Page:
Higher Education Grants or Gifts of Interest to African Americans

Here is this week’s news of grants or gifts to historically Black colleges and universities or for programs of particular interest to African Americans in higher education.

The College of Science and Technology at North Carolina A&T State University has been selected for the Bridges to the Doctorate research training grant of $1.3 million from the National Institute of Health. The award will create a partnership between the college’s master’s programs in computational biology and computational science and engineering and the University of North Carolina at Chapel Hill’s doctorate programs in the same fields. Bridges to the Doctorate will help three NCA&T students each year make the transition from a master’s program to a doctorate program by providing them with mentors at both institutions and a special curriculum designed specifically for the program. NCA&T is the only historically Black college or university selected for the award.

The historically Black Hampton University School of Science in Virginia has been awarded a $4 million grant from the United States Department of Defense to enhance the school’s research capabilities and educational programs in STEM. The grant funds Hampton’s Stem Scholars Programs (SSP) which provides a select group of students with STEM majors with funding and research opportunities. “The SSP program is a unique program that benefits the students and the university. This program provides students with full scholarships and the university gains more students in the trajectory towards STEM careers,” said Dr. Isi Ero-Tolliver, assistant professor for the Hampton University School of Science and co-principal investigator for the SSP. “So far, it has been a privilege to work with such eager and intellectually, budding scientists as we explore the academic, research and STEM education aspects of this program,” Dr. Ero-Tolliver added.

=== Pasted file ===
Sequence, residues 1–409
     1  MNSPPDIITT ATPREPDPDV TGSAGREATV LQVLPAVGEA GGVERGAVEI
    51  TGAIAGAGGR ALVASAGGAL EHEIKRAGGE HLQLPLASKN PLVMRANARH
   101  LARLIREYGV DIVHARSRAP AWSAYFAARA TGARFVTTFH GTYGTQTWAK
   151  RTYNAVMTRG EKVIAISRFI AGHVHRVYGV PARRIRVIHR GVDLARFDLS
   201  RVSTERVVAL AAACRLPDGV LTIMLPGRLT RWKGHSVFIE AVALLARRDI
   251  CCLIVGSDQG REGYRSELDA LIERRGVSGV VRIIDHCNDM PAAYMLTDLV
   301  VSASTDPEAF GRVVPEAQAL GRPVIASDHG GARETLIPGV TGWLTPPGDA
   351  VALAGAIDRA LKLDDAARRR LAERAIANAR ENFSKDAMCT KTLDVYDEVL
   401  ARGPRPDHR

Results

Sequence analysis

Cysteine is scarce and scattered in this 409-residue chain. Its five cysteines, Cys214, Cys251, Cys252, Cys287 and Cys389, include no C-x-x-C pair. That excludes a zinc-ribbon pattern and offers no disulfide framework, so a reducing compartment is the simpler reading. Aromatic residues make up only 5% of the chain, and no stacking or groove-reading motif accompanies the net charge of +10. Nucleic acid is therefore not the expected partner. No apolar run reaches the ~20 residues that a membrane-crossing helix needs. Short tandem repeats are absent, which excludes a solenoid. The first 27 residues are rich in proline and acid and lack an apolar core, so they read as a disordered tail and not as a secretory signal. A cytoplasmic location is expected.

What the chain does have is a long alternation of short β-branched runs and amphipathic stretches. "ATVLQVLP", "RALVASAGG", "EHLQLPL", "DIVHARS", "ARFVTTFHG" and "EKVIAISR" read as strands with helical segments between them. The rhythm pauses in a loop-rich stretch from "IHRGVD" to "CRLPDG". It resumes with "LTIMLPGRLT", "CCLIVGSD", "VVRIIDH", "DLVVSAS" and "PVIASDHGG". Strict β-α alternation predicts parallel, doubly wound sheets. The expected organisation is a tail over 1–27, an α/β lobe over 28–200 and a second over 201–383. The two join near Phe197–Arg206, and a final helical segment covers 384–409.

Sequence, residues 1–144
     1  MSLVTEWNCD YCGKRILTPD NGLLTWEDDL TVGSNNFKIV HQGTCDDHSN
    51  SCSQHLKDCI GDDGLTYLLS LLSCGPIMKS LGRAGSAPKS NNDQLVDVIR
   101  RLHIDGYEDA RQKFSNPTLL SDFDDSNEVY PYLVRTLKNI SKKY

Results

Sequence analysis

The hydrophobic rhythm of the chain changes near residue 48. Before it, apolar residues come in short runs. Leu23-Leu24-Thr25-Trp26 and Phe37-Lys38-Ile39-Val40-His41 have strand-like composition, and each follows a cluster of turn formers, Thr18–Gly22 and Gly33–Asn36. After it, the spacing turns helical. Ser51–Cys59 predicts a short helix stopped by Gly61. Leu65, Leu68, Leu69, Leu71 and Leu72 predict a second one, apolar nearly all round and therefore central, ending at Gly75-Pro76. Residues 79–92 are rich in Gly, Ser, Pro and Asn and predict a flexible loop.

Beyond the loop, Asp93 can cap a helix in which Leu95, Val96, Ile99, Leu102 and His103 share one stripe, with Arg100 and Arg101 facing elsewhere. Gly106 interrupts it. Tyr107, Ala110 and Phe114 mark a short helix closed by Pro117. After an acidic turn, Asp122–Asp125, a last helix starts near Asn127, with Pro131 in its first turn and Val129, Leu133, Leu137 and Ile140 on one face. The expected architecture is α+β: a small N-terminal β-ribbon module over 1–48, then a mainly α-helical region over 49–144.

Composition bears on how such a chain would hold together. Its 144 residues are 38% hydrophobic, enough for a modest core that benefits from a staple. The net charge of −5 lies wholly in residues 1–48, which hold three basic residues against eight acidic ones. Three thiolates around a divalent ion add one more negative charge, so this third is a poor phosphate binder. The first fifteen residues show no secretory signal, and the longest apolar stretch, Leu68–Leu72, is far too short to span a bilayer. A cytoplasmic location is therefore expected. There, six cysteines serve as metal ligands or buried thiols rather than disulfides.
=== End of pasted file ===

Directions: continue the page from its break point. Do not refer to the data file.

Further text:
The Department of Defense through the U.S. Army has awarded historically Black Delaware State University a $600,000 grant to research an alloy that could improve the performance of night vision systems and other scientific instruments. The project will focus on materials used in uncooled infrared detectors and investigate compounds that could provide the U.S. Army with better night vision equipment. According to principal investigator Dr. Mukti Rana, “this is the first research initiative at a historically Black college or university on uncooled infrared detector materials.”

The U.S. Department of Education has awarded historically Black Elizabeth City State University in North Carolina $586,437 grant to enhance the school’s Comprehensive Academic Scaffolding to Enhance Retention of Minority STEM Students program. This program will support 90 students from 21 of North Carolina’s most economically depressed counties and provide them with a comprehensive education as well as graduate school and science career preparation. “This project will enhance ECSU’s continued effort to ensure a smooth transition of students from high school to college, a challenge well-known to disproportionately affect minority student success, especially in their first year of college education,” said principal investigator Dr. Eyualem Abebe. “A successful first year experience contributes to student overall retention and graduation rate and this project aims to make sure participant students overcome the challenges of first year gateway courses.”